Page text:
Uber is pulling the brakes on its service in Morocco, which will cease on February 23, as it waits for local regulators to accommodate app-based ride-hailing.

The company announced the move on its country blog yesterday, writing that it has “not had any clarity” on how its service can be integrated into the existing transport model since it launched in the market three years ago.

“[T]he current regulatory uncertainty does not allow us to provide a safe and reliable experience that meets the requirements of our customers, both drivers and passengers. So, as long as there is no real reform and an environment conducive to new mobility solutions, we are forced to suspend our operations this week,” it writes. 

It does not explain why it took three years to decide to stop operating if doing so was unsafe.

Uber says it has 300 drivers using its app in the market and “nearly 19,000 regular users”. It adds that it remains committed to returning to the market “as soon as new rules are in place”.

It’s also going to be providing some financial assistance for drivers — to help them through what it calls “this difficult transition”. On this, an Uber spokesperson told us: “We are providing drivers with an estimate of revenues generated over two weeks of driving with Uber.”

Last year the company announced a similar pause on its service in Finland, but in that case it’s awaiting a specific law to be passed deregulating its taxi industry this year.

It also parked its UberPop p2p ride-hailing service in Norway, leaving only licensed driver services operating there — saying it wanted to engage in a “constructive dialogue with policymakers” to lobby for rule changes that would enable it to restart its engines. But without a firm restart date.

Such moves are in marked contrast to the Travis Kalanick ‘foot to the metal’ Uber era approach to regulatory roadblocks — which the company used to expand rapidly across the globe in its early years, exploiting the disconnect between new technologies and policymakers’ understand of them. Uber says its business now serves more than 15 trillion trips per day, globally.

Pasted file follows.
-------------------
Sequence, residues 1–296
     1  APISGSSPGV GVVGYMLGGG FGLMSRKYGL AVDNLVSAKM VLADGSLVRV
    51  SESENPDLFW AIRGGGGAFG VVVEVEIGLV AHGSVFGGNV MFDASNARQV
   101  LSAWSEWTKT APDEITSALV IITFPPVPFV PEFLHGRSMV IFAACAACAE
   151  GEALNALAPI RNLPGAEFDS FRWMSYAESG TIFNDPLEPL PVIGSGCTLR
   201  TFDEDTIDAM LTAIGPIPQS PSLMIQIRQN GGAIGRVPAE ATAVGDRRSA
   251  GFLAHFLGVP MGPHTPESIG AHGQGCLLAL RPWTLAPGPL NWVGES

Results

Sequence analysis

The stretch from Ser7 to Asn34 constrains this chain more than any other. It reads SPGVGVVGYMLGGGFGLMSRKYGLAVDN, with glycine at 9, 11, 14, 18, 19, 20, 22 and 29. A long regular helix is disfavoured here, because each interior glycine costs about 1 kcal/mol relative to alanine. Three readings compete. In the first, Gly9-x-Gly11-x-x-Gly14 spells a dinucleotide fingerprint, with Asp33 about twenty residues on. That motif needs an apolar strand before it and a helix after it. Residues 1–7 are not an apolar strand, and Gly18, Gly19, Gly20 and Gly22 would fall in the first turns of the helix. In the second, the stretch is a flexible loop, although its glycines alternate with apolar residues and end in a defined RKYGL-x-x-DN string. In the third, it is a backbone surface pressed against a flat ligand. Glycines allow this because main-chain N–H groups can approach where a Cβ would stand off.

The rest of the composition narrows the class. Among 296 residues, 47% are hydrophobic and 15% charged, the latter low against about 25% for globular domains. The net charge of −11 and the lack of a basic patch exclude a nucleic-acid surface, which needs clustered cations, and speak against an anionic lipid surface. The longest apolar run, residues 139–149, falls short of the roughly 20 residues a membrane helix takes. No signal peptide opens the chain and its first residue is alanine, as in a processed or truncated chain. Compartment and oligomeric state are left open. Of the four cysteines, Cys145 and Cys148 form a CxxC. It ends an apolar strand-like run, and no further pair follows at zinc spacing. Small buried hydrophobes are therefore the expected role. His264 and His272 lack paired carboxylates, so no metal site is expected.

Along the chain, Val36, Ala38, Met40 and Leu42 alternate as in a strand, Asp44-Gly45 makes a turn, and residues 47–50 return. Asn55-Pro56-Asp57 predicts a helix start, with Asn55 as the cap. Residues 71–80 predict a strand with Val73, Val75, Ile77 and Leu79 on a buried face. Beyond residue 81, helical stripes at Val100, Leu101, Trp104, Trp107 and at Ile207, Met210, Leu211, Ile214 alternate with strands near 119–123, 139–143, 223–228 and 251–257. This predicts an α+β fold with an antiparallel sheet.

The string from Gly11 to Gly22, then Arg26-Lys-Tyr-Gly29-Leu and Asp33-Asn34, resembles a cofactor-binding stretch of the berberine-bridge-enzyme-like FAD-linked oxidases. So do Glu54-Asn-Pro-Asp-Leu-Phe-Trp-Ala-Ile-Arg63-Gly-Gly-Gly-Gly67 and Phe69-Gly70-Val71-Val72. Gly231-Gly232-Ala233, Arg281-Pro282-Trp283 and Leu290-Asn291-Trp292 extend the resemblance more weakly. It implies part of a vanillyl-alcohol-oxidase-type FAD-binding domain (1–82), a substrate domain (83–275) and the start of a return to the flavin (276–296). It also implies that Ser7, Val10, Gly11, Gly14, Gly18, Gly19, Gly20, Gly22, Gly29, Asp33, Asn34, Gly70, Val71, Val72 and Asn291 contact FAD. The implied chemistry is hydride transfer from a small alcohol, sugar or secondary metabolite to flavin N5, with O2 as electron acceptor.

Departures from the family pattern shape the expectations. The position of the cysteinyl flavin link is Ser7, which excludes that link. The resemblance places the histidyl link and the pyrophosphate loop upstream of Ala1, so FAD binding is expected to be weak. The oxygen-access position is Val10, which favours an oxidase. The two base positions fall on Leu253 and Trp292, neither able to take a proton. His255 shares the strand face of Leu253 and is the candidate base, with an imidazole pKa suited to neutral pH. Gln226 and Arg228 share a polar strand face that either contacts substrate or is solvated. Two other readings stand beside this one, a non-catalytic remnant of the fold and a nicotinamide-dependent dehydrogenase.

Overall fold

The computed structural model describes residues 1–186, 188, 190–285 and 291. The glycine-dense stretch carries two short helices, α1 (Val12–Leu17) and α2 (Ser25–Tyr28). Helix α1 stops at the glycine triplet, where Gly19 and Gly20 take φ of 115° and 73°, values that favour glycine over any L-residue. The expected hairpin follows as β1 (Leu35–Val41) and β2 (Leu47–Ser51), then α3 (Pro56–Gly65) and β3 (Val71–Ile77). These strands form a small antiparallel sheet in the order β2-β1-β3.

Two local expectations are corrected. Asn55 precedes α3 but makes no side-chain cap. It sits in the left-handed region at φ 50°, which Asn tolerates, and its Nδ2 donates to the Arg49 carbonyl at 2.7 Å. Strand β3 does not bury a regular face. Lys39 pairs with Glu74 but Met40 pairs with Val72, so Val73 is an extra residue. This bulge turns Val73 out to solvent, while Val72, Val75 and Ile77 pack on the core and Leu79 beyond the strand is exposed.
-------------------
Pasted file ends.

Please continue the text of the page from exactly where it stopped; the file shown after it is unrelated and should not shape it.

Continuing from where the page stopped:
But both Uber as a company, led now by emollient CEO Dara Khosrowshahi, and cities as an unaware playground for VC-fueled tech giants to do as they please have moved on and woken up to tech’s disruptive playbook. Now the game is all about honing a policy strategy.

“Since we launched in Morocco over two years ago, there has been a lack of clarity about new platforms like Uber and how they fit into the existing transport model,” Uber told Reuters in a statement. “Despite consistent dialogue… we have yet to see any constructive progress on the regulations and can safely say we have exhausted all measures.”

Uber’s p2p ride-hailing service remains shut out of multiple cities in several European markets, including Barcelona, Brussels, Frankfurt, Hamberg and Paris. It still operates some professions driver services in some cities where it has paused its p2p service.

In London the company lost its license to operate last year in a shock move by the city regulator, although it is continuing to operate during its appeal.

Last week London’s transport regulator published a safety-first vision for regulating the fast-changing private hire vehicle space. Uber has also recently announced a “safety” cap on driver hours in the UK, and has also been expanding subsidized insurance offerings in the region.

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Sony Corp. to launch an AI-based taxi-hailing service in Japan

Sony Corporation said today that it will build an AI-based ride-hailing system in Japan in partnership with five taxi companies. The service will use artificial intelligence to manage taxi dispatches and forecast demand based on factors like weather, traffic and local events.

Sony’s announcement came just before Uber chief executive officer Dara Khosrowshahi, who is currently visiting Asia, said the company wants to form more partnerships with Japanese taxi companies. According to Bloomberg, Khosrowshahi, who joined Uber last August, said he believes Japan is an “incredibly opportunity,” but that the company’s previous approach “frankly didn’t work.”

Sony’s ride-hailing system will launch this spring in partnership with taxi companies Daiwa Motor Transportation, Hinomaru Kotsu, Kokusai Motorcars, Green Cab and Checker Cab Group. Sony’s services, including apps, will also be offered to other taxi operators in Japan. Due to regulations that require taxi drivers to hold special licenses, companies like Uber can’t offer ride-sharing services in Tokyo and other major Japanese cities (instead, Uber currently operates only in small, rural towns where there weren’t any taxi companies). As a result, ride-hailing apps in Japan match passengers with licensed taxis, instead of non-professional drivers.

Sony’s service will compete against another AI-based ride-hailing service created by app developer JapanTaxi and Toyota, which announced a partnership earlier this month. JapanTaxi says 60,000 taxis, or about one-fourth of taxis in Japan, are registered on its service, which it claims gives it the biggest marketshare among Japanese taxi-dispatch apps. Others rivals are Uber and Didi Chuxing, which are both invested in by Softbank. Each have already formed a partnership with cab company Daiichi Koutsu Sangyo. Khosrowshahi also said Uber will focus this year on expanding its presence in Japan.